How to Make Wine With Tea

by Serena Styles

A funnel makes it easier to fill your jug with wine.

Dio5050/iStock/Getty Images

Items you will need

  • 1-gallon glass jug, sterilized
  • Large pot, sterilized
  • Tea bags
  • Raisins
  • Colander, sterilized
  • Sugar
  • Lemons
  • Glass bowl
  • Wine yeast
  • Plate
  • Long-handled spoon, sterilized
  • Winemaking airlock, sterilized
  • Winemaking bung, sterilized
  • Campden tablets
  • Winemaking siphon tube, sterilized
  • Empty wine bottles, sterilized
  • Hand corker
  • Wine bottle corks

Brewed tea can be used as the base for a mild homemade wine. The variety of the tea will effect the flavor of your wine, so select one that you enjoy drinking on its own. You should also select a high-quality type of raisins -- another key ingredient -- as they too greatly impact the resulting flavor.

Step 1

Fill a gallon glass jug one-third full with cold water and set it aside. Repeat with each bottle of tea wine you plan to make; one gallon jug will yield 5 standard-sized bottles of wine.

Step 2

Place a large pot on the stove over high heat and add 6 cups of water, 10 teabags and a pound of raisins for each gallon of wine you're making. Simmer the liquid for between 10 and 40 minutes; longer simmering times make the tea flavor stronger.

Step 3

Strain the raisins and teabags out of the liquid with a colander and return the liquid to the pot over medium heat.

Step 4

Add 2 pounds of sugar to the pot for every gallon of wine you're making. Stir the liquid until the sugar dissolves and then pour it into the jug or jugs containing cold water. Each jug should be approximately 3/4 full; if they are not, add enough water to fill them about 2 inches from the top. Add the juice of one lemon to each jug and set them aside.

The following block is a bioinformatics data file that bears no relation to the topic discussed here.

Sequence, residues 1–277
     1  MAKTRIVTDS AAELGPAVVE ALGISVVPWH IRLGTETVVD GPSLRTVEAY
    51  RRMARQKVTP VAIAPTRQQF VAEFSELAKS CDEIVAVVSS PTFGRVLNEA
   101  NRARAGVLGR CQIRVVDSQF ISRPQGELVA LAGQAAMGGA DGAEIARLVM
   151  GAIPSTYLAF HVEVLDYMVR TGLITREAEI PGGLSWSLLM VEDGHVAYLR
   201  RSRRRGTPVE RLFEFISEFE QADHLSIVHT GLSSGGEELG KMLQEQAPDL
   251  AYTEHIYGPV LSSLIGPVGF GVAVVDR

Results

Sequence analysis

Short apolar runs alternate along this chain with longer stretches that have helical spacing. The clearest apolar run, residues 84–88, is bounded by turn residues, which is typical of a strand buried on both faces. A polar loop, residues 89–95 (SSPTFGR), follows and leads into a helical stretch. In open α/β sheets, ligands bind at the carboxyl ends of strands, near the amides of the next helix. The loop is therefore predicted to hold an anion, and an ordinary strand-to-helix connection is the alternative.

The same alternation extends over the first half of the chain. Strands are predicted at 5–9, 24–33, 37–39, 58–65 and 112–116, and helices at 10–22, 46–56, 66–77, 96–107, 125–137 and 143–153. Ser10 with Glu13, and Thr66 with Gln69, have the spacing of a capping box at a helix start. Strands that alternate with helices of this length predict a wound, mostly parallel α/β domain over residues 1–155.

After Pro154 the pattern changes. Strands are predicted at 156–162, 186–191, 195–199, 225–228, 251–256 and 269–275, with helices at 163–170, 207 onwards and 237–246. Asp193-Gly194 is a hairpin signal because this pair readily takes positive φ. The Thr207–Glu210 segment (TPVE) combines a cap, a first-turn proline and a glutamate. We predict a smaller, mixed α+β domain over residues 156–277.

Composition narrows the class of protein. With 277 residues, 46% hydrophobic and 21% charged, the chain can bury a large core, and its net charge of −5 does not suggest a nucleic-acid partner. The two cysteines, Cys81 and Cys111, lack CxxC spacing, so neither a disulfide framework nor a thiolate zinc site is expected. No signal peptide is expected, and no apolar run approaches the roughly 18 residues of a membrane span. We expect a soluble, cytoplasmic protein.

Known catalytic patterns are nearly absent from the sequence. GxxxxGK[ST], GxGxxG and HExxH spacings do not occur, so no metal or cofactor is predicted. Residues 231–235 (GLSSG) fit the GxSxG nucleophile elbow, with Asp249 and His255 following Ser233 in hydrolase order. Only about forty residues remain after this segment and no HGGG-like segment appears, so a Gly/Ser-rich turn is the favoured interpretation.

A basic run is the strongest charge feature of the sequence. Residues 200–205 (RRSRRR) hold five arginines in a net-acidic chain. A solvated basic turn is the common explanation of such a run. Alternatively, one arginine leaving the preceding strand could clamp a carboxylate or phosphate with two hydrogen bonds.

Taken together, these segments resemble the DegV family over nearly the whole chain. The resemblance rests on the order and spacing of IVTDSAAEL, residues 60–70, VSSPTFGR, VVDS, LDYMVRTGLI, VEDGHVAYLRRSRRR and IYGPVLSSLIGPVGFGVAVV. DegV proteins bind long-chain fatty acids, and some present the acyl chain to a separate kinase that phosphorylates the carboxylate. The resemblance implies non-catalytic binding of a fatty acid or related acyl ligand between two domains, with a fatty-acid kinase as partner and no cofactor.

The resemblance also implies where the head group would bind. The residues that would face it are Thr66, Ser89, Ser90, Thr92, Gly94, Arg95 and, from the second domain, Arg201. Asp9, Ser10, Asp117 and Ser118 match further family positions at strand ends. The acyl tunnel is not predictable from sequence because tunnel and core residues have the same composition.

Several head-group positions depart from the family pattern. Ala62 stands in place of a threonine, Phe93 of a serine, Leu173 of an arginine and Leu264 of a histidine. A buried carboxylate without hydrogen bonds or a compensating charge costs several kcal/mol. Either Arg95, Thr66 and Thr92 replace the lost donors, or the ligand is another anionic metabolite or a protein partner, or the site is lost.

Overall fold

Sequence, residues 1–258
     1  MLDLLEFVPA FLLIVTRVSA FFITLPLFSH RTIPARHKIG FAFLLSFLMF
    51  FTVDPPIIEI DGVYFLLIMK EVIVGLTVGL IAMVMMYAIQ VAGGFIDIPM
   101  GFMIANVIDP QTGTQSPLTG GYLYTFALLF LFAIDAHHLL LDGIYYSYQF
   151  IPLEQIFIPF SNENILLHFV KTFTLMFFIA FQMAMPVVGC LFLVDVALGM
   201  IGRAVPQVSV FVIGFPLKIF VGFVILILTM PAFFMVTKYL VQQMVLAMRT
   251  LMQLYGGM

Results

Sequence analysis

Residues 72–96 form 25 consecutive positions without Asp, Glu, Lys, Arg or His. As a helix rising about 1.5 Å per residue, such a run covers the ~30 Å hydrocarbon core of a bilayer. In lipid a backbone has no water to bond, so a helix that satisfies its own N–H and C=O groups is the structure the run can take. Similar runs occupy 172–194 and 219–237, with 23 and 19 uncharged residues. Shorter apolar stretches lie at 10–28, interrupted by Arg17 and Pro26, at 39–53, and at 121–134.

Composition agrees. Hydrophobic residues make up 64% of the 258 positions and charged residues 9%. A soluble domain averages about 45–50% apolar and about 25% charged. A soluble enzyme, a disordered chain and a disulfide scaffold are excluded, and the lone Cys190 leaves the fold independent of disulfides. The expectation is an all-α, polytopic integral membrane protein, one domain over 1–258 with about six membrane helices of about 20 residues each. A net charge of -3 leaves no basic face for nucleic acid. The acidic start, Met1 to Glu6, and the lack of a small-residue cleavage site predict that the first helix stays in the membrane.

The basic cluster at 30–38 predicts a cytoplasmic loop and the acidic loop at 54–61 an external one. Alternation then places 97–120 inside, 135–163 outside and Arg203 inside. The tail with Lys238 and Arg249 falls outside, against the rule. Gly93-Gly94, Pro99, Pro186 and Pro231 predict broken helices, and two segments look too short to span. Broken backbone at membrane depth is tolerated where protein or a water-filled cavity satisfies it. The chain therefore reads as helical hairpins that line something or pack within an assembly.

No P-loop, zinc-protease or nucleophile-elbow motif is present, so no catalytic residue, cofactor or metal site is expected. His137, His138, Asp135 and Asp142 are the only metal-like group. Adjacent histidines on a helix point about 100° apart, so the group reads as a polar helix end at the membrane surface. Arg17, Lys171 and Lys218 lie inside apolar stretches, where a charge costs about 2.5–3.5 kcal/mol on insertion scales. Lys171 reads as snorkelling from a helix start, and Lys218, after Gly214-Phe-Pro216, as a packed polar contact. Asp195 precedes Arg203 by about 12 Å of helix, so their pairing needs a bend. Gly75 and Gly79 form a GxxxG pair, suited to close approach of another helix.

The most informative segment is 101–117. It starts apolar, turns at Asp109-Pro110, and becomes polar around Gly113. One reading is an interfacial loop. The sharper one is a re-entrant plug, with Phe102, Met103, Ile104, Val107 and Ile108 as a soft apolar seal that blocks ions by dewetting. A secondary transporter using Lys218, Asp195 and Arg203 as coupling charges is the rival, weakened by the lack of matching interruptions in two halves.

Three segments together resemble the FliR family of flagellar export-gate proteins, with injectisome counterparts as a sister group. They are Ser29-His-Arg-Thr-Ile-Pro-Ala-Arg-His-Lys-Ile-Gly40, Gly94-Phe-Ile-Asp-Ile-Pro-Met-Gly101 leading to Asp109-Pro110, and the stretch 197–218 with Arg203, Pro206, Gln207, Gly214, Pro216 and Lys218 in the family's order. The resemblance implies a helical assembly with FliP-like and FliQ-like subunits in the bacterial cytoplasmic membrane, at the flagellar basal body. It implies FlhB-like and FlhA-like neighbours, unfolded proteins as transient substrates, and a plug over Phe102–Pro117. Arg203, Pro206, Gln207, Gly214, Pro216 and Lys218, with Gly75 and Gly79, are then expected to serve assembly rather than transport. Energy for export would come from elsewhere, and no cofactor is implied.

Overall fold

Step 5

Fill a glass bowl with an inch of lukewarm water, and then stir in a teaspoon of sugar and 1 gram of wine yeast for each gallon of wine you are making. Cover the bowl with a plate and allow the yeast to ferment for 15 minutes.

Step 6

Add the fermented yeast from the bowl to the gallon jug or jugs when the liquid in them is lukewarm. Divide it evenly for multiple jugs. Use the handle of a kitchen spoon to stir in the yeast until the liquid looks milky.

Step 7

Fill half of a winemaking airlock with water, attach it to a sterile bung and then place the bung into the neck of the glass jug. Do this for each gallon of wine you are making and then leave them to ferment for three to four weeks in a warm location.

Step 8

Crush a campden tablet with the back of a spoon, remove the airlock from the jug and add the campden tablet. Stir the tablet in with a kitchen spoon, replace the airlock and then wait 24 hours. Do this for each jug. This stops the yeast from fermenting further.

Step 9

Remove the airlock and stir the liquid in each jug until it is no longer fizzy like a carbonated beverage. Replace the airlock and wait for another three days or until it the liquid is clear instead of cloudy.

Step 10

Place a jug of wine on a chair and arrange five wine bottles on the floor below it. Remove the airlock and insert a siphon tube into the neck of the jug. Lightly suck on the siphon tube with your mouth to start the wine flowing and then quickly move the tube into a wine bottle. Fill each bottle this way and then repeat with any remaining jugs.

Step 11

Seal the wine bottles by using a hand corker to force corks into the necks of the bottles and then wait for at least three months before enjoying.

Tips

  • Each style of hand corker functions differently, so follow the instructions for your product if you do not know how to use it.

    Local winemaking stores should carry the supplies needed to make tea wine.

    When siphoning the wine into bottles, try to avoid disturbing the sediment settled the bottom of the jug.

Warnings

  • If your wine grows mold, has a foul smell or tastes off, discard the entire batch and try again with freshly-sterilized equipment.

References

  • Discovering Country Winemaking; Daphne More
  • Make Your Own Wine; Jarrod Kilgore

Photo Credits

  • Dio5050/iStock/Getty Images